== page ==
U.S. Finishes Negotiating with Iran; Reaction Predictable

Barack Obama is in the process of finally earning the Nobel Peace Prize that he won in 2009 for just getting elected. The deal with Iran that was completed yesterday, with a great assist from former Presidential Candidate and current Secretary of State is historic.

Not perfect.

But historic.

The Joint Comprehensive Plan of Action runs to 109 pages, including five annexes. Major provisions of the final accord include:

  • Iran’s current stockpile of low-enriched uranium will be reduced by 98%, from 10,000 kg to 300 kg.
  • Iran will reduce by at least two-thirds the number of its centrifuges from its current stockpile of 19,000 centrifuges to no more than 6,104.
  • Iran’s Fordow facility will stop enriching uranium for at least fifteen years, and Iran will be limited to enriching uranium to 3.67% for fifteen years, a percentage sufficient for civilian nuclear power.
  • Iran will not build any new uranium-enrichment facilities for fifteen years.
  • Iran must make changes to several facilities, including reducing centrifuges at the Arak complex.
  • Iran may continue research and development work on enrichment, but only at the Natanz facility.
  • A comprehensive inspections regime will be implemented under which Iran will be required to allow International Atomic Energy Agency inspectors to all of Iran’s declared facilities.
  • The United States and the European Union would lift their nuclear-related sanctions against Iran after the UN verifies that several key steps have been taken.
  • If Iran violates the agreement, an automatic “snap back” provision takes affect, under which sanctions “snap back” into place. (Sanctions against Iran related to human rights abuses and support for terrorism are not affected by the agreement and will remain in place.)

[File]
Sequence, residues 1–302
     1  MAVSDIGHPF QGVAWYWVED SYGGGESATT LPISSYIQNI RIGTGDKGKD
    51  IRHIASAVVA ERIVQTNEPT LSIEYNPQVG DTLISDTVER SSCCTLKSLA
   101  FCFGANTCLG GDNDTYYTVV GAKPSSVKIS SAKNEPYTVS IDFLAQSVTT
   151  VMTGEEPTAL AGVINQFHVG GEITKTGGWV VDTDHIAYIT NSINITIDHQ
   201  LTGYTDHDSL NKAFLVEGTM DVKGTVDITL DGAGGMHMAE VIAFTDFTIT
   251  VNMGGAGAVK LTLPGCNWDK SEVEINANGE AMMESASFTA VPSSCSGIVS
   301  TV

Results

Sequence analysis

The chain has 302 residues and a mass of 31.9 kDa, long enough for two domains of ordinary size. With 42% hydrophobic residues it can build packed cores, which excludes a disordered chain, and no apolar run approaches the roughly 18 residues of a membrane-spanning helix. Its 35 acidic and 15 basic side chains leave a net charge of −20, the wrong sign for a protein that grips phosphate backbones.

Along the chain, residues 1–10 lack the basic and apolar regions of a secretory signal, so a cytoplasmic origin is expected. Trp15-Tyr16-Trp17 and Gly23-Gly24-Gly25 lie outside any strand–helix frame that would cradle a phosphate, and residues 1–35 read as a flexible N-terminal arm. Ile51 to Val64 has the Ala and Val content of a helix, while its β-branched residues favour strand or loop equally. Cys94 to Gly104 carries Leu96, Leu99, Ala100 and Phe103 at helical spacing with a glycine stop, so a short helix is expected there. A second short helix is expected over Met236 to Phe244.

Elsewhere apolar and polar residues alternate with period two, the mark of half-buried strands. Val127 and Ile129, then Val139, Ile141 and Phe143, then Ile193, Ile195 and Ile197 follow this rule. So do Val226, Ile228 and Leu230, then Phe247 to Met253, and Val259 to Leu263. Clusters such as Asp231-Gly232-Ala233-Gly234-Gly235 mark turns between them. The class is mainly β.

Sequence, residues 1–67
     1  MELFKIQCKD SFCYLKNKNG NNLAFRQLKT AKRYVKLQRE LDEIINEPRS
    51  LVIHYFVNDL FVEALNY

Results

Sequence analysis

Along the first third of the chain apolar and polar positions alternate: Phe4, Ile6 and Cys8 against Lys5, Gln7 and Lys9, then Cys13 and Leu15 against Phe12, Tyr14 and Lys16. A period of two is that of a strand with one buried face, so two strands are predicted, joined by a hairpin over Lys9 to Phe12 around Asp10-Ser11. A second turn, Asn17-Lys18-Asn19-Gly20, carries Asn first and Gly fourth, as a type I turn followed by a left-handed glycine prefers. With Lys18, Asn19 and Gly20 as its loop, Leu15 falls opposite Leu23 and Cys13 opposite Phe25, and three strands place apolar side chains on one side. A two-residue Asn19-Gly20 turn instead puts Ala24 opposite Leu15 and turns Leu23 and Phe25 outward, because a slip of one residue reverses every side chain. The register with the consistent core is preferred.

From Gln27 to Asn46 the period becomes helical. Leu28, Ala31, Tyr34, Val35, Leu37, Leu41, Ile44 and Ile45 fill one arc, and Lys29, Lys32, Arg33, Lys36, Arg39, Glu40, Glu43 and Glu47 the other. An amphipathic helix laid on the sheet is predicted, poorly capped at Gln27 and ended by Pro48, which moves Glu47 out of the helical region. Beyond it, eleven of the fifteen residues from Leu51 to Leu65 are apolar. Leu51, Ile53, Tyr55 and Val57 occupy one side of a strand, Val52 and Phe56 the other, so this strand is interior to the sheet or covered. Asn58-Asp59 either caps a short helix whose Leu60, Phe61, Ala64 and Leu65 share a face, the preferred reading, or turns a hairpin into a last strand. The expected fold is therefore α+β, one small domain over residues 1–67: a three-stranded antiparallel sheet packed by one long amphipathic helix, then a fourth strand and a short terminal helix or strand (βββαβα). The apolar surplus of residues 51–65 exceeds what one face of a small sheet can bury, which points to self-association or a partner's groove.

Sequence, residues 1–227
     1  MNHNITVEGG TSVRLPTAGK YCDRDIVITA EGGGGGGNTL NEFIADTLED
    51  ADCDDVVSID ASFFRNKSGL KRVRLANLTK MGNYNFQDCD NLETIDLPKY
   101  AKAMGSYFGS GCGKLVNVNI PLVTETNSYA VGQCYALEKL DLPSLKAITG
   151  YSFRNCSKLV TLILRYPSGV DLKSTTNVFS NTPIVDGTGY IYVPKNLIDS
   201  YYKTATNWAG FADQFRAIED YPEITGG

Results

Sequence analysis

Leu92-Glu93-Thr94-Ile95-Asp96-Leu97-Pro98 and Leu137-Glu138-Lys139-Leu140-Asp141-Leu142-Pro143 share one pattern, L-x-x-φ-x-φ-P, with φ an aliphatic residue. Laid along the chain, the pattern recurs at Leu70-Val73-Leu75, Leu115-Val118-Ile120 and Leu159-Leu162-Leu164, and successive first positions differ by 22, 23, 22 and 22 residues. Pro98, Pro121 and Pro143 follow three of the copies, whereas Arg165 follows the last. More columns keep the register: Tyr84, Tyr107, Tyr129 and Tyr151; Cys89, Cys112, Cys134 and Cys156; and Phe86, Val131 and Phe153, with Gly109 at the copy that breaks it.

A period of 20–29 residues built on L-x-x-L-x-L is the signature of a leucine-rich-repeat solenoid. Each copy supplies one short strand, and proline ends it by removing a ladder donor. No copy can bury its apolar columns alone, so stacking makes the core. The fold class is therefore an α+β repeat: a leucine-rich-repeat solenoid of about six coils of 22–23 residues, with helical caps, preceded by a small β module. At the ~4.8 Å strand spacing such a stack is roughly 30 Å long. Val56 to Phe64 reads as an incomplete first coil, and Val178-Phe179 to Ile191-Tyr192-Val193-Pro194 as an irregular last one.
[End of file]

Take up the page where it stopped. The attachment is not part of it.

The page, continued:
People in Iran were rejoicing that the sanctions will soon be lifted. So were oil company executives, as Iran’s vast petroleum reserves, which they will now be able to purchase again, will help keep oil prices low. People in Russia, China, the United Kingdom and the rest of Europe, and even in places like Syria saw this as good news.

But not in Israel.

I’m not quite sure what Netanyahu wants in Israel. I mean, I guess he wants the complete dismantlement of all of Iran’s nuclear facilities. But that’s not going to happen.

He also wants Iran to recognize Israel’s right to exist.

I want that too.

I don’t really understand why countries like Iran and organizations like Hezbollah continue to refuse to recognize the existence of Israel, although there are certainly legitimate arguments to be made about whether Israel was properly created under international law. Some international lawyers, who know a lot more about this than I do, have argued that it was not.

To me, that’s now besides the point, because Israel exists, has existed since 1948, has its own nuclear arsenal, and isn’t going anywhere. More importantly, I believe there is a moral imperative for Israel to exist.

But the internal politics of Iran — of which I understand really nothing — don’t allow for that recognition at this time. And that is not a reason, from my perspective, not to negotiate with Iran. Especially when the results are as tangible as they were here.

So I’m sorry Israel, I can’t share your point of view. I can’t agree with Netanyahu’s assessment that it was a “stunning historic mistake.” It was historic, but not a stunning mistake.

And Obama can finally look upon his peace prize medal with some sense of accomplishment.

About a1skeptic

A disturbed citizen and skeptic. I should stop reading the newspaper. Or watching TV. I should turn off NPR and disconnect from the Internet. We’d all be better off.
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3 Responses to U.S. Finishes Negotiating with Iran; Reaction Predictable

  1. Pingback: Perspective on the Iran Nuclear Deal | A (or One) Skeptic

  2. Pingback: Why there won’t be any return to Bipartisanship anytime soon | A (or One) Skeptic

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